Personal reflection cum historical study concerning the Fountain camp meeting in Georgia.
Attorney Wiley is to be commended for documenting the story of the Fountain camp meeting, a tradition nearly two centuries old that reaches back to the age of the great Methodist circuit rider Francis Asbury. This is no doubt a meaningful addition to local Georgia history. After a rather jarring introduction in which Wiley discusses his first failed marriage, he then presents brief chapters alternating between personal reflections and the camp’s history. The historical portions–most describe a legal fight over land and control in the late 19th century–are quite interesting and vividly reconstruct events. The inclusion of primary sources as an appendix adds value, as does the author’s analysis of the legal wrangling involved. The personal reflections are generally well-written and engaging, but the brevity of the chapters–most only two or three pages–make the book feel choppy. The reader is invited to experience Fountain’s sights, tastes, smells, etc., through the author’s own senses, but once he begins the story, he abruptly switches back to the 19th century. In fact, until the final two pages, Wiley offers little insight into the religious aspect of the camp meeting. Even the final chapter gives scant evidence that the worship services appeal to his faith. The reader is left with the conclusion that Fountain is largely stripped of its religious importance and is basically like any other camping experience, deriving its spiritual aspects mainly from communion with nature and â€œgetting away from it all.”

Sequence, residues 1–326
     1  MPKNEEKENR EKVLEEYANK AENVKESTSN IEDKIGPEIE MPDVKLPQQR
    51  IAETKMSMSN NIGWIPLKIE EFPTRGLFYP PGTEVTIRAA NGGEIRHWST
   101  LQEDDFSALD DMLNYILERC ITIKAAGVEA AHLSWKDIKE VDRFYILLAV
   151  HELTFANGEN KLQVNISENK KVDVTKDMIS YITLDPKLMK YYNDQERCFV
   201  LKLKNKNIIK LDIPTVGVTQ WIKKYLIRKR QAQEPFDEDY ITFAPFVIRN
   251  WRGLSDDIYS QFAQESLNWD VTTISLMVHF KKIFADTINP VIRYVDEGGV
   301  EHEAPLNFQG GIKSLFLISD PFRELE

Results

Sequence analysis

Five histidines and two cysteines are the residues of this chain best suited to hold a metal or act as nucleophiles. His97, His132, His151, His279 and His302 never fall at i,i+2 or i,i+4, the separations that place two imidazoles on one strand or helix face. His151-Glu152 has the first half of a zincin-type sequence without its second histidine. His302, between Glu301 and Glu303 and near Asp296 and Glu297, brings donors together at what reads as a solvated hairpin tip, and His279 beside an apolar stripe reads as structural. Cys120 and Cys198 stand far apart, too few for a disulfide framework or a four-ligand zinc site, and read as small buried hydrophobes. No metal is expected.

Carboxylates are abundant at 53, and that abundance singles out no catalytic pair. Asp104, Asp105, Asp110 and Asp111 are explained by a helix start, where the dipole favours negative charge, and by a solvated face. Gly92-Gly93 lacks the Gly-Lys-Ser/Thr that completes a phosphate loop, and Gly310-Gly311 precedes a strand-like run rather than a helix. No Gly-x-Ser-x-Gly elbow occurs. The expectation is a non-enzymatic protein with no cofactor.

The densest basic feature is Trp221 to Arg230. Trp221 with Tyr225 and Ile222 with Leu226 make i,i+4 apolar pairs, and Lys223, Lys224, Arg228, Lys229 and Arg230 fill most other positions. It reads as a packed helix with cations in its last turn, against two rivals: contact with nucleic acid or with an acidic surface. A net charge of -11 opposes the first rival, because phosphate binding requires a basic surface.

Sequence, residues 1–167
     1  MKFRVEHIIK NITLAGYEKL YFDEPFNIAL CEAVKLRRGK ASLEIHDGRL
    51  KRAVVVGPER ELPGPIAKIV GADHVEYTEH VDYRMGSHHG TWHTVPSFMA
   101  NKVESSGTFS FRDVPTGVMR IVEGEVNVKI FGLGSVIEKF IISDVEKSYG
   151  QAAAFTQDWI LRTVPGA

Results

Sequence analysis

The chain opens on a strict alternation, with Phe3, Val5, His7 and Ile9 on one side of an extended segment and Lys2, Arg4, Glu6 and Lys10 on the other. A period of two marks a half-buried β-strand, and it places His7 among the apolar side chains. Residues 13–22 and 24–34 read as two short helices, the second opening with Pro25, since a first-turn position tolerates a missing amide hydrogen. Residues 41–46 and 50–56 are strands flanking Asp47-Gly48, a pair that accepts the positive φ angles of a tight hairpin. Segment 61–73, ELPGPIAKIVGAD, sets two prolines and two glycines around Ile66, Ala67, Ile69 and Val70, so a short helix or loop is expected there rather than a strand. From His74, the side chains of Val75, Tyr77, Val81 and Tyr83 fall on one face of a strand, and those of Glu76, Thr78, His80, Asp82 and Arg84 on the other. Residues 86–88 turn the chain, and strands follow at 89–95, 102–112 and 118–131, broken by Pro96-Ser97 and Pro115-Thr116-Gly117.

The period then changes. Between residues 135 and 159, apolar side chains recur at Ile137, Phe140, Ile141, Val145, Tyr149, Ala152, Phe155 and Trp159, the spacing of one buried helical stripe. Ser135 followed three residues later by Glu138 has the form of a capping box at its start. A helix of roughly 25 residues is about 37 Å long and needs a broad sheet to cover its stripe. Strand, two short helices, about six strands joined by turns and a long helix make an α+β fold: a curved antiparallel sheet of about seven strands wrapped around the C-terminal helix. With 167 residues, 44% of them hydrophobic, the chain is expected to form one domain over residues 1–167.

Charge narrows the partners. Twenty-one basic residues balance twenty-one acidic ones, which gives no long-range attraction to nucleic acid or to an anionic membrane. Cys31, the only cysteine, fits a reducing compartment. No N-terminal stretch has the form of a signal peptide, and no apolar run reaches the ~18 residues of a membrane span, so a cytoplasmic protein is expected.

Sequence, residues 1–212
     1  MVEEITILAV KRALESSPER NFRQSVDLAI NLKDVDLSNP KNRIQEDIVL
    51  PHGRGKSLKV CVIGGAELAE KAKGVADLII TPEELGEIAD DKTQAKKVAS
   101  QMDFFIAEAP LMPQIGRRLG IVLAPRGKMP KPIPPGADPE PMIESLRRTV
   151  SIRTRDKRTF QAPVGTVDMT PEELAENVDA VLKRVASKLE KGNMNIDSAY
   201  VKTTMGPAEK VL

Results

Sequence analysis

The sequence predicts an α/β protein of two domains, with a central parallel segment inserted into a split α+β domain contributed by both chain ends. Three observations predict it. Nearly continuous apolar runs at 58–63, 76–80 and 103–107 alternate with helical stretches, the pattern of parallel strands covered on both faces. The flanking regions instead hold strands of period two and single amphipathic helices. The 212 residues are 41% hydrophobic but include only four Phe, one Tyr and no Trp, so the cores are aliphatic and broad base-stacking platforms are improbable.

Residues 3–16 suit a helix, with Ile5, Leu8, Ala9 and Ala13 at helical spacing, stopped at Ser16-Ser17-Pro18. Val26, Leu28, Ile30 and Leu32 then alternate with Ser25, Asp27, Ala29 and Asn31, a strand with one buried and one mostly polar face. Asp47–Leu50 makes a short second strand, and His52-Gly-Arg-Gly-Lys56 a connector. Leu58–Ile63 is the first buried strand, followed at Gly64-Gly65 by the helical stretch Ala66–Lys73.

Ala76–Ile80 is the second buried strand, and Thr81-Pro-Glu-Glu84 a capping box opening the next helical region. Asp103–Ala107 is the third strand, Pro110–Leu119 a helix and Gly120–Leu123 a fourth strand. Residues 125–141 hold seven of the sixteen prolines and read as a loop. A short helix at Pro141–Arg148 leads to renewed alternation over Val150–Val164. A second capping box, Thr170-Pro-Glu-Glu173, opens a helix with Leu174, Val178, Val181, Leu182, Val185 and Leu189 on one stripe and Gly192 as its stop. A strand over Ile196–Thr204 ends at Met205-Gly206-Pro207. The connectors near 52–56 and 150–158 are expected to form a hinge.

A serviceable local history of a Southern tradition.